Question: What are the first three letters of the Greek alphabet?
Answer: I, O, U.
Actually, there’s a point to this bad joke, which is that promissory notes – issued by the Greek government – could enable a compromise between a potentially calamitous Greek exit from the Eurozone and the unsustainable status quo.
This intriguing suggestion comes from Thomas Mayer – chief economist at Deutsche Bank – and is reported in Die Welt (via the Worldcrunch website):
- “Mayer and his colleagues at Deutsche Bank have come up with a third option: introduce a brand-new second currency, alongside the euro, in Greece.
- “‘The Greek government is soon going to be issuing IOUs to state workers,’ Mayer said at the Welt conference. ‘There’s going to be a parallel circulation of promissory notes and euros.’ And he’s already come up with a snappy term for the new parallel currency: the ‘Geuro.’
- “‘I believe that the most probable development will be a currency that circulates parallel to the euro,’ he said. This would for example make it possible for exporting firms to lower salaries so that they can do business again. And it would make it possible for a bankrupt government to honour its commitments.”
The parallel currency would likely trade at a massive discount to the Euro, but then that’s the point – anything that could be paid for in Greek government IOUs would become much more affordable to outsiders (correspondingly, anything that has to be paid for in Euros would become much less affordable to Greeks – including the Euro-denominated debt that they owe).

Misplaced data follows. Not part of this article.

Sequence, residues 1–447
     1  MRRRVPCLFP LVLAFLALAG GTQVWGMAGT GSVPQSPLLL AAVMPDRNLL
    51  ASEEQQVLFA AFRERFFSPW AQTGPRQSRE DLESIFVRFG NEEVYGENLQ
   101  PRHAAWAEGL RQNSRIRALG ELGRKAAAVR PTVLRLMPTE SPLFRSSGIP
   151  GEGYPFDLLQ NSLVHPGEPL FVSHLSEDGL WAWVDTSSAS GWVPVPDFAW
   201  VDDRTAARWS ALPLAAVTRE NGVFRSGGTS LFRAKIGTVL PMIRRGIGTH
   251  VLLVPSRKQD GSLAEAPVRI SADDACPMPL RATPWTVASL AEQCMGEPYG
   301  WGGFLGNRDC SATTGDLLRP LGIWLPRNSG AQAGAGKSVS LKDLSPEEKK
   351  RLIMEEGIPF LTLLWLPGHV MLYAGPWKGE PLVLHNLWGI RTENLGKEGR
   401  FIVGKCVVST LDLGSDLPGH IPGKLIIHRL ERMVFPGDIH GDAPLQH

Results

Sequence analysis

You might think that there’s not much difference between this plan and the Grexit scenario in which Greece devalues by returning to the Drachma – and in several key respects you’d be right: This whole crisis is the result of a series of fundamental economic imbalances that can’t be resolved without somebody, somewhere paying the price.
What the Mayer plan does do, however, is minimise the pain for Germany: First and foremost, there is no formal Greek exit from the Eurozone – thereby leaving the world’s biggest can of worms unopened. Yet the Germans wouldn’t have to subsidise Greek domestic spending anymore, because instead of running a deficit (with which they need outside help), the Greek government would be running a printing press churning out IOUs. Obviously, there’d still be a real price to be paid – but this would fall upon the Greek people, left holding paper eaten away by inflation and devaluation.
Obviously, the Germans would, as in any other likely scenario, have to prop up a banking system exposed to Greek debt. But with the Greeks still members of the Eurozone, maximum pressure could be maintained for some form of repayment.
So, all in all, the least worst option for Germany.